After Election Loss, Harris Continues Fight Against City Campaign Laws
Darlene Harris’ political career may have come to an end on Tuesday, when she lost her bid to be re-elected to Pittsburgh City Council. But if it’s time to write her political epitaph, it may well read “Defiant To The End.”
Two days after her loss, Harris was a no-show at a city Ethics Hearing Board proceeding for which she had received a subpoena, and which was called to consider charging her with ignoring the city’s campaign-finance reporting requirements. Her attorney, Jim Burn, made clear that she would continue fighting the campaign-finance rules, even though her campaigning days appear to be over.
“We may be spending some quality time as this moves across the street” to the Court of Common Pleas, Burn told the four board members who heard arguments in the City County Building Thursday.
At issue is a city ordinance that requires candidates to file monthly reports of their financial activities during election season. The reporting schedule is much more rigorous than the one spelled out in state law, which requires local candidates to file just one report between January and May. It's part of a campaign-finance law that was a signature reform of Harris' longtime foe, Mayor Bill Peduto.
Burn and Harris argue that the city’s reporting requirements violate the doctrine of “pre-emption,” which holds that, if the state legislates in a certain area, local governments are not allowed to pass separate rules of their own. Similar arguments have been made to overturn other reforms advocated by city officials, including a raft of legislation to limit the kinds of firearms that can be wielded in the city.
Harris has not filed anything other than the lone state-required report this spring.
During the quasi-judicial hearing, board attorney David Berardinelli warned that Harris’ refusal to comply was “having a negative impact on other candidates” – some of whom had stopped filing their own reports. One of them, District 9 City Council candidate Kierran Young, has publicly said he wouldn’t abide by rules that a seated council member was ignoring.
“There are candidates that have gone on record as saying, ‘We’re not going to file unless Ms. Harris files,’” Berardinelli said. “When that happens, the ordinance becomes a nullity.”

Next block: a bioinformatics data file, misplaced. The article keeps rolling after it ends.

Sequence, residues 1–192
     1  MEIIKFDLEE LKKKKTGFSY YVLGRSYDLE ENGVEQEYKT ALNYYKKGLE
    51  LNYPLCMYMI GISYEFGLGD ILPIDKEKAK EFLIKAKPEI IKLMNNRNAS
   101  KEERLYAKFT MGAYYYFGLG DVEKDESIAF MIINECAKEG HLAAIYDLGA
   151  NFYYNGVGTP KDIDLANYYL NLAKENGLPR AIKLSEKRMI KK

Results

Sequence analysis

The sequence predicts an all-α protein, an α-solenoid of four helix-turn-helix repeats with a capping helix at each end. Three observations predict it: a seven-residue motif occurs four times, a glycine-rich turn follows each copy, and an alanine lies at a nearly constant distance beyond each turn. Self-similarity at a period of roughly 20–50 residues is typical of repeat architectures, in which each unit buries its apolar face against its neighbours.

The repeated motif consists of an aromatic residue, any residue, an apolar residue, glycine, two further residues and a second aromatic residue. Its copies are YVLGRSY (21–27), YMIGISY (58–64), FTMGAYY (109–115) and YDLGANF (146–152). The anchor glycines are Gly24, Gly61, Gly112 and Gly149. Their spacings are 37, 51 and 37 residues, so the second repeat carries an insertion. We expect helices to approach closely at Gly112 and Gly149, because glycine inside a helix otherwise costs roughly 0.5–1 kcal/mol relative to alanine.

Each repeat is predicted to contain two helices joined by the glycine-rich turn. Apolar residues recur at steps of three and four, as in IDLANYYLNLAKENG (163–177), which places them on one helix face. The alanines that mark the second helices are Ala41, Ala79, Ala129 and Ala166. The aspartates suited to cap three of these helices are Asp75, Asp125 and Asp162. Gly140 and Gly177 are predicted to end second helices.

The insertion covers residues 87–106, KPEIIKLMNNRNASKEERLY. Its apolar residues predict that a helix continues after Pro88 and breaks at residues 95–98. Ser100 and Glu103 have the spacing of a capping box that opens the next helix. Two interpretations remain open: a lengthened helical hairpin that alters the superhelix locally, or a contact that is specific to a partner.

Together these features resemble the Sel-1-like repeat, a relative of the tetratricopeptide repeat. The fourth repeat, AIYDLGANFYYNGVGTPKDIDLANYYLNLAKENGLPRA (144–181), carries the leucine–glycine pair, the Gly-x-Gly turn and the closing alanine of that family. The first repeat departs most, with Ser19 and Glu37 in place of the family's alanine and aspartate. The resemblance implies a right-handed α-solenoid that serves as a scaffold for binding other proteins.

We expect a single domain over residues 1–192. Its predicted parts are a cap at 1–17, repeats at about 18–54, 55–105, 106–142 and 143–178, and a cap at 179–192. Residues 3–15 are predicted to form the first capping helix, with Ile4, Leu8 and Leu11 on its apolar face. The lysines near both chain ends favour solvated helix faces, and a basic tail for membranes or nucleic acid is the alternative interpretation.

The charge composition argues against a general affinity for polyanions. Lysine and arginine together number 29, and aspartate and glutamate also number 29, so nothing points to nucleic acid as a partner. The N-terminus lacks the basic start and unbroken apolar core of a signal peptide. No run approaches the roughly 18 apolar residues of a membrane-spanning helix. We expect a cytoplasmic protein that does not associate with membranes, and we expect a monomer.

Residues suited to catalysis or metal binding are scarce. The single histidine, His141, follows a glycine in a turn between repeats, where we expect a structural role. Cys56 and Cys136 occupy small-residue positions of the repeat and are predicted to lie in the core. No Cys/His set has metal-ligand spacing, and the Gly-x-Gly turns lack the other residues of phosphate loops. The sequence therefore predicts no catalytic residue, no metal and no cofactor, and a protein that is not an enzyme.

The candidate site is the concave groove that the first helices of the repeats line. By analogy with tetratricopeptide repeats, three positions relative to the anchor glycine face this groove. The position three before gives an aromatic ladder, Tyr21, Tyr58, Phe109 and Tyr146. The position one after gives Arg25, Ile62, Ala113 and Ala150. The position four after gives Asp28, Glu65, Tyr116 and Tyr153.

Harris ignored the reporting provisions during a mayoral run two years ago, citing the same objections. The board imposed a $1,000 fine anyway, although as WESA has reported previously, it did nothing enforce the penalty. On Thursday, Burn said that the lack of follow-through suggested city officials too thought the rules were unenforceable.
In any case, he said, “We did not pay the fine [and] no action was taken to enforce it … Unless we are taken to court, we’re not going to pay [a new fine] either.”
Burn argued that levying a fine “devolves into punishing someone for not doing something they think is wrong. [Harris] has never been afraid to look someone in the eye and call BS.” As for other candidates ignoring the requirement, “There’s a world full of leaders out there who stood up when they thought something was wrong.”
Burn also appealed to the board on what he called "a humanitarian basis,” because Harris had lost her re-election bid.
“In six months she’s not going to be a councilwoman,” he said before noting that Thursday was supposed to be a day of kindness – “I see kindness signs all over the city” – and asked, “Why rub salt into the wound?”
Berardinelli appeared unmoved.
Harris, he said, had “thumbed her nose at this panel, including by not showing up today.” Given that, and the need to discourage other candidates from ignoring the rules, he urged the board “to adopt the maximum fine” of $50 for each day that Harris refused to file a report.
Harris had toted up 83 days of noncompliance as of Thursday’s hearing, board executive manager Leanne Davis said after the hearing. That would work out to a $4,150 fine.
Davis would not comment on whether the board would take Harris to court if she ignored a fine this time too. But the board’s recent hiring of Berardinelli, a former assistant U.S. attorney, gives it additional resources to fight a court battle if necessary.
Board members will now deliberate over the complaint. There is no set deadline for them to issue a ruling. Depending on how long it takes to come to that decision, and to resolve any resulting court action, the case could outlive Harris' tenure in city government.